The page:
Why is Occupy Wall St. Still Occupying the News?

To tell you the truth, I haven’t been following the Occupy movement at all. The most I thought I new before I read up on it was that people were angry with the government about the rich taking over power of America (the 1%) and the rest of us (the 99%) getting left behind. According to the Occupy Wall Street website:

[We are] fighting back against the corrosive power of major banks and multinational corporations over the democratic process, and the role of Wall Street in creating an economic collapse that has caused the greatest recession in generations.

They were influenced by the uprisings in Egypt and Tunisia and plan on fighting the the “richest 1% of people that are writing the rules of an unfair global economy that is foreclosing on our future.” On September 17, 2011, a group of people began to occupy Liberty Square and that group has grown since. They stand by their principles of solidarity, the statement of autonomy, their declaration of the occupation, and the fact that everyone has a right to occupy space safely.

In the beginning, the people at Occupy Wall Street were very gung-ho for their cause.

They didn’t care about their living situations.

So is it worth it for them to be sacrificing themselves like that? They seem happy in that video, but none of them had really been there longer than two weeks. It has now been almost five months and I’m curious as to whether or not many of those people are still hanging around.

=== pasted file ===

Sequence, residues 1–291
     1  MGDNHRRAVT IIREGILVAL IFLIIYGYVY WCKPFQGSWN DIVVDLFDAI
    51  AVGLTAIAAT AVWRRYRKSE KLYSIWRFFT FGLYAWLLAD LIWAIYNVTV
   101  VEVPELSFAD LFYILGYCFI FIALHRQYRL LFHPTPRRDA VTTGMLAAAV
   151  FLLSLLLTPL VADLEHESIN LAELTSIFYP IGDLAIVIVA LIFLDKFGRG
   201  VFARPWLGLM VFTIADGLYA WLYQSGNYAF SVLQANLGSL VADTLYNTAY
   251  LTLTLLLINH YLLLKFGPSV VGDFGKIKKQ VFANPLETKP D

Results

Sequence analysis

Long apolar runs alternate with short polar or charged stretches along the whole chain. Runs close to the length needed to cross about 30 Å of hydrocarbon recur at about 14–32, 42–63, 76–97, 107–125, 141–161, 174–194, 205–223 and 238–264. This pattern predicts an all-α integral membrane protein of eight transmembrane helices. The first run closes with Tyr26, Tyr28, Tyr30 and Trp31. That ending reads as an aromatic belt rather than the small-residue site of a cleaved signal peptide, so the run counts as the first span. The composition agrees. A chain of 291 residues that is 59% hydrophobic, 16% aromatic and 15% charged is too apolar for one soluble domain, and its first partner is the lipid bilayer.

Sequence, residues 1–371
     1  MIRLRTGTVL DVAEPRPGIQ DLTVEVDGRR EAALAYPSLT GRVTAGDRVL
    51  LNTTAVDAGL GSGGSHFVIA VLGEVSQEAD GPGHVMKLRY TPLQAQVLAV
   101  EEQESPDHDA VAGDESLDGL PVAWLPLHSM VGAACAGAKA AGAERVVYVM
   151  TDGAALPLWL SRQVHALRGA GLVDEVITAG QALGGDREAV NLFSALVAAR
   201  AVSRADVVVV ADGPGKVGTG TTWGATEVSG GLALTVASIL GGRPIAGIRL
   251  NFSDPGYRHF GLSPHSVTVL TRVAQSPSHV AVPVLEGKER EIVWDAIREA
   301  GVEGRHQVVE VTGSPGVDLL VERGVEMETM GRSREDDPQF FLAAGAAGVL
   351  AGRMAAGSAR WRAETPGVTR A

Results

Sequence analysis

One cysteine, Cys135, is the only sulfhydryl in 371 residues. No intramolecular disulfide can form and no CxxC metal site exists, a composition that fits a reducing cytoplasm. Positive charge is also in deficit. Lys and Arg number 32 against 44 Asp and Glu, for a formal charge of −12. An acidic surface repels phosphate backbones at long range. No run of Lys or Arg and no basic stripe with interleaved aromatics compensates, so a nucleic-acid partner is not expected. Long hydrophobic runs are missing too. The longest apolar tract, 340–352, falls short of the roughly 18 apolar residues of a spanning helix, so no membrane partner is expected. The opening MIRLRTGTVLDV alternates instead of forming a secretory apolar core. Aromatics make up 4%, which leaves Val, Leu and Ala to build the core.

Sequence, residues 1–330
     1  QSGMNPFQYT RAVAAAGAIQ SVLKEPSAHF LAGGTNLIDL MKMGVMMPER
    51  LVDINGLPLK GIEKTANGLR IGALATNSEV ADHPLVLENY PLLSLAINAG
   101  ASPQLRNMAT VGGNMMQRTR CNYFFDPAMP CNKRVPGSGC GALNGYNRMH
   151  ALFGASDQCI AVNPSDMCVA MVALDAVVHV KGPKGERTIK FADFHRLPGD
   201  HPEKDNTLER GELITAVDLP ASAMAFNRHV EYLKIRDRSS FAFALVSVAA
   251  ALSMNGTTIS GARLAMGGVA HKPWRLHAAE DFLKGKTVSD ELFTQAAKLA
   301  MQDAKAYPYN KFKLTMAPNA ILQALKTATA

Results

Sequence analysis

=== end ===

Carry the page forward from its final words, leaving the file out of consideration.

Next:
According to an article written by Douglas Rushkoff on CNN.com, “We are witnessing America’s first true Internet-era movement.” And as of October 5, 2011, when this article was written, the public outside of the movement had no idea what where the movement was headed. Rushkoff stated that the protesters have many complaints – the collapsing environment, labor standards, housing policy, government corruption, World Bank lending practices, unemployment, increasing wealth disparity, etc – but they have yet to really express what they think the problem is. Rushkoff also makes a good point that many of the younger people involved are only coming for the excitement, or to be a part of something.

As of right now, I don’t believe that the Occupy movement has done anything to help the 99%. They have nothing to show for themselves. The people at NPR state that “most of the Occupy encampments across the country have been disbanded and the future of the movement remains uncertain.”

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